Allison Williams: [00:17:58] Yeah, so, I mean, it is correct that we as lawyers, we we create connections with other lawyers and we can oftentimes solve problems that are not in our wheelhouse. But, you know, I think a lot of lawyers have resistance around this idea of kind of being the great connector. And I don’t know what it is, but it’s kind of like if they’re calling my law firm and I’m a family law firm and they want a criminal defense attorney, that’s like not my not my thing right. And I tell lawyers all the time, like, you need to have a book of lawyers in every county and every surrounding area and all the practice areas so that when people call, you are remembered fondly because you went the extra step to actually help them. So when when you’re talking to a lawyer, like I know that you have a consultancy, right. So you help, you’re a business strategy consultant and so you help people through the process of generating more in their business. So if you’re working with a lawyer, what would be the advice that you would give or how would you start to assist them through this process of being that professional who who has to overcome some of that resistance to being the great connector and networking in a way that asks those specific questions? What would be kind of the starting point?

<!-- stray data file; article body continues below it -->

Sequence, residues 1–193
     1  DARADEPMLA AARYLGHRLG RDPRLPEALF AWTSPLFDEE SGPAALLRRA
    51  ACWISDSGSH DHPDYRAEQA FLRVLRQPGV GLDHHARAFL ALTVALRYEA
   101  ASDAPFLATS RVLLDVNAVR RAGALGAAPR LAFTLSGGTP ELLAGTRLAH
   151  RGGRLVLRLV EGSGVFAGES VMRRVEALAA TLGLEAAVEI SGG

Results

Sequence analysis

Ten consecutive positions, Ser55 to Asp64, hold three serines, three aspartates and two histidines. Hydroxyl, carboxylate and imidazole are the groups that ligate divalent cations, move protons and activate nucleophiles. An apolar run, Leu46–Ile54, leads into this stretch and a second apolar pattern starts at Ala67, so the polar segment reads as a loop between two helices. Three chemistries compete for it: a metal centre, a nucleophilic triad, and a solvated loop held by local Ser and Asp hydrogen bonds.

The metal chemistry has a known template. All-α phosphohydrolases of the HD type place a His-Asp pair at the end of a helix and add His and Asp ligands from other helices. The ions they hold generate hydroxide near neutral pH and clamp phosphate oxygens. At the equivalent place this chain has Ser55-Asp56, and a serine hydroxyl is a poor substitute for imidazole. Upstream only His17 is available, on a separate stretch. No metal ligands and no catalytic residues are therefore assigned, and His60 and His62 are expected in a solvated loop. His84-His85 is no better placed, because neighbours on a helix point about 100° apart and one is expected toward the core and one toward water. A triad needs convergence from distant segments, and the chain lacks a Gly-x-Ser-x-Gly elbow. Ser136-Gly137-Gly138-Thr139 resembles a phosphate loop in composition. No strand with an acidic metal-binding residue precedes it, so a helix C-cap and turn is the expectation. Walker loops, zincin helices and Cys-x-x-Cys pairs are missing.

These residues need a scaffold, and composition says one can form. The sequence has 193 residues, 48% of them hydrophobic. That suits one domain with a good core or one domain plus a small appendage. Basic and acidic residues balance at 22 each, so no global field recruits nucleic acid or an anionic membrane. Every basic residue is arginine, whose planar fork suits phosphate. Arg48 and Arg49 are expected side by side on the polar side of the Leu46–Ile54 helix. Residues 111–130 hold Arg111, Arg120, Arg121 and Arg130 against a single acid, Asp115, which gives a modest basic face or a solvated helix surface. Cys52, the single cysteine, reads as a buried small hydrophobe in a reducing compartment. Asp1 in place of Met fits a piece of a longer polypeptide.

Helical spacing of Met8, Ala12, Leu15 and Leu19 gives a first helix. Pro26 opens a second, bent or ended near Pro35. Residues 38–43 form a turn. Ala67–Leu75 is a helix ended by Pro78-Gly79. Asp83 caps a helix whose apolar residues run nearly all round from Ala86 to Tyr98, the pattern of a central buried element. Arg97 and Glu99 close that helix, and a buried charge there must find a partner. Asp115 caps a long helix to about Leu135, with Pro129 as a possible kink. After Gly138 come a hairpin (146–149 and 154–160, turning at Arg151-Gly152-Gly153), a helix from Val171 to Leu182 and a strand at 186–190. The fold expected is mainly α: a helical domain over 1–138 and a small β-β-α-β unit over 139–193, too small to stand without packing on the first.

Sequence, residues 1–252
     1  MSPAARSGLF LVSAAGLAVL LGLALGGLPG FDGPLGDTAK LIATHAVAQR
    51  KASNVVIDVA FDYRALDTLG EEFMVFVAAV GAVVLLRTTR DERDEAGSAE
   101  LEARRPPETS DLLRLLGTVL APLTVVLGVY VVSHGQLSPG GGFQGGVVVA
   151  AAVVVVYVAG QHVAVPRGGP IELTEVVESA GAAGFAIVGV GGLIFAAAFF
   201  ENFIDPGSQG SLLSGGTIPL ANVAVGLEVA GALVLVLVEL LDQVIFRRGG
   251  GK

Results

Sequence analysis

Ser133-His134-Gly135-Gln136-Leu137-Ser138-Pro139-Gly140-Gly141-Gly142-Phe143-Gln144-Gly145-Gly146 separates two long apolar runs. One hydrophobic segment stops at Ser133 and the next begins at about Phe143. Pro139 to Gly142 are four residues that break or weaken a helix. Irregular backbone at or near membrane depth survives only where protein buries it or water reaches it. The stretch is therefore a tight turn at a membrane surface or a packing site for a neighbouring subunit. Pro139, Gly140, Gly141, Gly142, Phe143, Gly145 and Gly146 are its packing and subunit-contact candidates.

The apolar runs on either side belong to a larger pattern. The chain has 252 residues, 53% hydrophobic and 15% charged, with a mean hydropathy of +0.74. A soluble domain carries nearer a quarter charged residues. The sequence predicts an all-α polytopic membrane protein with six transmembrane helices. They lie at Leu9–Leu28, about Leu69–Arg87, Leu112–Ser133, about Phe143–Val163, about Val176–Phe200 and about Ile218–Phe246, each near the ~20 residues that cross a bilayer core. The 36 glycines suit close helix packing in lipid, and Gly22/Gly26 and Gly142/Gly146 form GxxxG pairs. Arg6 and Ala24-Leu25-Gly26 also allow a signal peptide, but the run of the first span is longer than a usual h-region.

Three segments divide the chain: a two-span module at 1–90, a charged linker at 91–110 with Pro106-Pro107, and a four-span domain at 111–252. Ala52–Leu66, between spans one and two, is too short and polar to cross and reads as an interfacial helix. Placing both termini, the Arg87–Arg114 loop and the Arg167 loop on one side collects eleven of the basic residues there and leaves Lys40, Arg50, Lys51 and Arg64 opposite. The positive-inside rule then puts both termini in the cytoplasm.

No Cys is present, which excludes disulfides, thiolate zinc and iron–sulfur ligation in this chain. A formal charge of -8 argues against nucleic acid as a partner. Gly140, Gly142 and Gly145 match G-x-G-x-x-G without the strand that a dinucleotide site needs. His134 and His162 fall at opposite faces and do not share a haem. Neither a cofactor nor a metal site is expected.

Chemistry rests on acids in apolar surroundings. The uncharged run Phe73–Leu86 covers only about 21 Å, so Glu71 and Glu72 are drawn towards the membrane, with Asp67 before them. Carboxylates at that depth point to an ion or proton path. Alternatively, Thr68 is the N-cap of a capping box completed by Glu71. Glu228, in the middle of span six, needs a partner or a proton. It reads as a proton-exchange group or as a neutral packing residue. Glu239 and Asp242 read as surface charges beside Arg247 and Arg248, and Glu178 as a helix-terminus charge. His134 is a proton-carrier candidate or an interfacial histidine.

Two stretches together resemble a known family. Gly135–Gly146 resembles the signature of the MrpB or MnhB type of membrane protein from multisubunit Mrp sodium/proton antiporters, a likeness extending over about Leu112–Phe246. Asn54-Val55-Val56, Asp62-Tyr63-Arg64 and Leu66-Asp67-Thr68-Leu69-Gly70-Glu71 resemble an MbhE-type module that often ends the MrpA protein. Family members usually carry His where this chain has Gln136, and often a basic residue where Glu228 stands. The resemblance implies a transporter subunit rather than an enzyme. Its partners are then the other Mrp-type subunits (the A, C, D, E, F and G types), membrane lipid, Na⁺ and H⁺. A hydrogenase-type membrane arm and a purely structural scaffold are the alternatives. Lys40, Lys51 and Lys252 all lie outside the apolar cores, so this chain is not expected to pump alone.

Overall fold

Dave Lorenzo: [00:19:04] Yes. So step one is making sure that you know who your ideal client is. And I find that some people never get beyond step one, unfortunately. So if you’re listening to the show today, the best thing you can do for yourself is realize what business you’re in and who your ideal client is. So your ideal client is not everyone who works in real estate. If you’re a real estate attorney, there’s something that you have. There’s some magic that you have that enables you to do one type of thing better than all others. And there’s a certain type of client that you just seem to do your best work for. And the world is full of every different breed of dog, cat, pig, elephant when it comes to clients. So you don’t have to worry about being everything to everyone. Just be that person who brings the magic to one specific type of client or with one specific type of either transaction or litigation matter. You know, I see people all the time that’s…
Dave Lorenzo: [00:20:09] Everybody who’s a litigator specializes in complex commercial litigation. Right. Nobody does the simple stuff. I have a simple contract dispute. Oh, I do complex commercial litigation. So you’re not going to handle my simple? Oh, of course I will. You know, don’t be a knucklehead. All right. Focus on the specific place you bring the magic who that specific client is. Be able to articulate who that specific client is and watch what happens. It’s like the seas suddenly part and those clients immediately will come to the surface. Now, once we know who your ideal client is, step number two is to figure out how we can target that specific type of client in a group setting. So, for example, if you’re in a B2B practice and your ideal client is someone who is a let’s say, they’re an educator and they create a lot of content and you’re an intellectual property attorney, well, there are groups or associations for people who are educators who create a lot of content.